---C.S. Dewey's six year old boy and some matches formed a combination, Sunday evening about five thirty, which came pretty near being a costly experiment for Mr. Dewey. A straw stack within fifteen feet of the hay sheds was set on fire, but by the hardest kind of work on the part of Mr. Dewey and his father and such neighbors as gathered the other property was saved. Fortunately what little wind there was was blowing away from the other buildings or the loss would have been a big one.
---The H.A.L. club met at the home of C.H. Talmadge, Monday evening, discussing "Lord Nelson," under leadership of H.P. Hancock.  In remembrance of the occasion which happened t o be the editor's birthday, the members left a fine rocking chair. A delicious supper was served at six o'clock. Upon reaching the door of the residence each or the members presented lighted candle, around which was wrapped a wish. This candle was placed at the plate of the guest an at supper the sentiment was read.
Pay your taxes at once and save the extra expense for advertising. FRANK CAMP, Treas.

column four
The B.C.R. & N. excursion to Pittsburg, which left this station Saturday evening under direction of E.B. Shaw, carried the following people:
Mr. and Mrs. D.W. Clements,
Mr. and Mrs. J. M. Lisher,
Mr. and Mrs. E.B. Shaw,
Mr. and Mrs. Wm. Kinsey,
Mr. and Mrs. D.W. Hall,
John Bracken,          Miss Hattie Reidel,
Mrs. G.E. Keldel,                     H.B. Hoyt,
W.F. Phillips,                W.J. Ainsworth,
 Mrs. E.L. Wallace,                 L.W. Coats,
John Vansickle.
Mr. and Mrs. Welker, Aug. Holzer,.
Peter Nicklaus,             Miss Heller,
N. Short,                        Geo. Heller.
Mr. and Mrs. A.E. Cornell,
Mr. and Mrs. G.W.Goetz
Mrs. Welzell
Miss Jennie Ingham, Allegheny, Pa.
Miss Florence Ingham,      "          "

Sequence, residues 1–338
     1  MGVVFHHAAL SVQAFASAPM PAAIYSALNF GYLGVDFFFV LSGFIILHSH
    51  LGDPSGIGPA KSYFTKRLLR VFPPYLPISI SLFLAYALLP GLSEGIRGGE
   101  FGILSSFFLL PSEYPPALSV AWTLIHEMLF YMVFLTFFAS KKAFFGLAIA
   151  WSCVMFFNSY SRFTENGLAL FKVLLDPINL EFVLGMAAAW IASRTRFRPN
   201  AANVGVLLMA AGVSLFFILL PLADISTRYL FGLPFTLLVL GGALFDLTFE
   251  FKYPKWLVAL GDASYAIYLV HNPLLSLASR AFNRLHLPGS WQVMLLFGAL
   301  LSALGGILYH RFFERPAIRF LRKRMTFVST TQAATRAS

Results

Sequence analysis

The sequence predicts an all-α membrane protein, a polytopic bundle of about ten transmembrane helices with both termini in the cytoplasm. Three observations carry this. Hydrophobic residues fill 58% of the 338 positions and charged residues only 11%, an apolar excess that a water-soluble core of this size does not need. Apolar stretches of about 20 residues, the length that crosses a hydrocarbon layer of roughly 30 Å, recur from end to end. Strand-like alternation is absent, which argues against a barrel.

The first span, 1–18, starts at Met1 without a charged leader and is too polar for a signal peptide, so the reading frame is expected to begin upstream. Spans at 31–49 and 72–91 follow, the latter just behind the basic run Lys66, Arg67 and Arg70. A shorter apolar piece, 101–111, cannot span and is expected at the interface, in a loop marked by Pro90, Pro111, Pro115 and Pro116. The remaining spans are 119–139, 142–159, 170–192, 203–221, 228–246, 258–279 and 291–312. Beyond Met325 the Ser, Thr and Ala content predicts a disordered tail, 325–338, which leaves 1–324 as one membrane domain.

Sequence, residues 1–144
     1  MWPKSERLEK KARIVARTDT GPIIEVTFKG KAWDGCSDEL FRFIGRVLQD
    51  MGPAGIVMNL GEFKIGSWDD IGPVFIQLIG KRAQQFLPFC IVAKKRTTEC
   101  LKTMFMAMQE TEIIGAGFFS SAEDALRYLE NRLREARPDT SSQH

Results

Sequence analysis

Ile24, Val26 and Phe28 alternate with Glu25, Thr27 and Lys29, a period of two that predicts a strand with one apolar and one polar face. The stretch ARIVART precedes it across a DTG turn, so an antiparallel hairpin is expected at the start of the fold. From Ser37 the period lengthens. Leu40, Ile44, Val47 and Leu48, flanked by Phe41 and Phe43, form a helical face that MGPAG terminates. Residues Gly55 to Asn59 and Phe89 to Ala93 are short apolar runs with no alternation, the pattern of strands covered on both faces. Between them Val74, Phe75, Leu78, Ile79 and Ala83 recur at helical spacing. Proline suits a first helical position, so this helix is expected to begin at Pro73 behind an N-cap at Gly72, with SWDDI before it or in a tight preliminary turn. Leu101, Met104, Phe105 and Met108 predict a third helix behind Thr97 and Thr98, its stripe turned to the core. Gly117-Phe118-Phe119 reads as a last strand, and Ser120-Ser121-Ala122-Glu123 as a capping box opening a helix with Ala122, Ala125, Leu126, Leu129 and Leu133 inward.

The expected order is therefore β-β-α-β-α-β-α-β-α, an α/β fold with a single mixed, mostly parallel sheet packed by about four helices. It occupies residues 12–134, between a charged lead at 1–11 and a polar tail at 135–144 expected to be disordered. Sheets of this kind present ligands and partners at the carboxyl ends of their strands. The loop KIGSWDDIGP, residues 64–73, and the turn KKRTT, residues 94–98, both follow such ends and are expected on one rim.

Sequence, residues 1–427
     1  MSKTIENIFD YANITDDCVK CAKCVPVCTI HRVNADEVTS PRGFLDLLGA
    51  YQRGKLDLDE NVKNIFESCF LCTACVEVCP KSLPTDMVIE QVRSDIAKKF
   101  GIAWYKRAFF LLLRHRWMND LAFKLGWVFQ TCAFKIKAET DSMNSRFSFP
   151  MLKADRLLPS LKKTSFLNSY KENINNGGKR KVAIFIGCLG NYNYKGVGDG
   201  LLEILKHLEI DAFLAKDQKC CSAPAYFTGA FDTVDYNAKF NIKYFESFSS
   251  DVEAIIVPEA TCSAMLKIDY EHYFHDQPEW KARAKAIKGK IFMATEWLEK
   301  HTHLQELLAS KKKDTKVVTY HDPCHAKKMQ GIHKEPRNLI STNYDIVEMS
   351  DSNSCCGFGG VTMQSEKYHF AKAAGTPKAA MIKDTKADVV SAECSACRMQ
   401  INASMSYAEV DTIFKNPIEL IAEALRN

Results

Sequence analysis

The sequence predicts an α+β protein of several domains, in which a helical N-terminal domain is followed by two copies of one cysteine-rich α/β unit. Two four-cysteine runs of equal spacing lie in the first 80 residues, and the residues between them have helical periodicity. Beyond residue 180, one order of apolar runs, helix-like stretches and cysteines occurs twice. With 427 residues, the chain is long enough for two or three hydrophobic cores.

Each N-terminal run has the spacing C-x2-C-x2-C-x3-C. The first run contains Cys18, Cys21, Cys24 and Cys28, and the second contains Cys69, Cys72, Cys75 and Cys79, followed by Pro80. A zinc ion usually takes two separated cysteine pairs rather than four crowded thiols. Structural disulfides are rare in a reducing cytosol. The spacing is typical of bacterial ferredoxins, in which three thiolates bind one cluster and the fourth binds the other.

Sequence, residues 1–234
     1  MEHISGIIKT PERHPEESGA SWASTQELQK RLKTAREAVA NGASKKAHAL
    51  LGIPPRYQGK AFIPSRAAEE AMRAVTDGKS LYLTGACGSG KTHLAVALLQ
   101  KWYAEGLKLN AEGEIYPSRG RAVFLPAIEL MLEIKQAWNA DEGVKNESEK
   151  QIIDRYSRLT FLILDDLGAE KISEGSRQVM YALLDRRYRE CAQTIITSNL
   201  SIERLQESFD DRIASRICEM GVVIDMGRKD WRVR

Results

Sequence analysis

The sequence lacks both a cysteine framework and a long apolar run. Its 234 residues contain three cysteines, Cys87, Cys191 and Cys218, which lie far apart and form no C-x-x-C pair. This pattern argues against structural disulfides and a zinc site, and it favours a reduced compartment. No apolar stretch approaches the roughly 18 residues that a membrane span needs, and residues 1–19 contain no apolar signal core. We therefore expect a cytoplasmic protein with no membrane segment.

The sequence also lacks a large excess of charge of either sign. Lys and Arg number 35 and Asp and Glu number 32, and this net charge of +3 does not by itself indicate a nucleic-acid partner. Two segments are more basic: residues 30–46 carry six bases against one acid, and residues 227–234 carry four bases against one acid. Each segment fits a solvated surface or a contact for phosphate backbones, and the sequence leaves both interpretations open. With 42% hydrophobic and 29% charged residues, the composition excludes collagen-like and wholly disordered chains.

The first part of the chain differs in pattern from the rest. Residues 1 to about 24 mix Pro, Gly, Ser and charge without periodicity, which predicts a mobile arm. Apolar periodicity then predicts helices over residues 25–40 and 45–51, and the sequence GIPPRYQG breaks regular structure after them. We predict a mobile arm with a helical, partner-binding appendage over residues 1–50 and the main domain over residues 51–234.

Mr. L.A. Howe, Waukon, Iowa
Mr. J.F. Smith,      "           "
Mr. and Mrs. Ace Webster, Waucoma, Ia.
Two parties from Waukon ..whose names we were unable to learn.
At the Democratic Judicial Convention held at Ossian, last Friday, Robert Quigley, of McGregor, and J. Anders, of Oelwein, were placed in nomination to run against Judges Fellows and Hobson. It is but fair to the candidates to say that neither one of them was in attendance at the convention, and it is our opinion that their names were used without their consent. Even in politics no man likes to be brained with a stuffed club when by the exercise of a little care he can avoid it.

column five
Out of about two hundred appointments made at the recent session of the M.E. conference at Marion, those of interest to Fayette county people will be found below: Calmar, C.A. Parkin; Clermont, M.W.S. Perry; Decorah. L.L. Lockard; Fredericksburg, H.R. Salisbury; Hawkeye, D.M. Parker; McGregor, S.R. Ferguson; Monona, P.N. Dwelio; New Hampton. Wm. Lease; Waucoma. L.N. Green; West Union, J. A. Davis; Arlington, J.B. Wyatt; Fayette, Jno. Gammons; Maynard, J.N. Blodgett; Oelwein. C.J.W. Triem; Randalia, C.H. Blake.
---T O M M Y ' S P R A Y E R.
Little Tommy (sliding, down the roof) —Oh, Lord, save me! Don't let me slide off the—never mind, Lord, I kotched on a nail.—Judge.
---If you want to be appreciated, die or pay your debts.

column six
A few of the friends and neighbors of Mr. and Mrs. P.E. Jubb surprised them at their pleasant home in Illyria on Saturday, Oct. l, it being their fifth wedding anniversary. They were presented with two easy chairs by their friends and silver knives and forks by the parents and brothers of the bride. After serving dinner the guests left for their homes wishing them long life and a happy golden wedding.
---The Ft. Dodge, Post "says that Ex-Gov. Larrabee has purchased another $15,000 farm near that city. The Post says that "he owns many fine farms in this section but nothing better than this."
—A sixteen year old boy at Independence was shooting at rats with a revolver. He was holding the gun in his hand and rubbing the muzzle along his leg when the cartridge exploded, sending the bullet under his kneecap. He will be lame for life.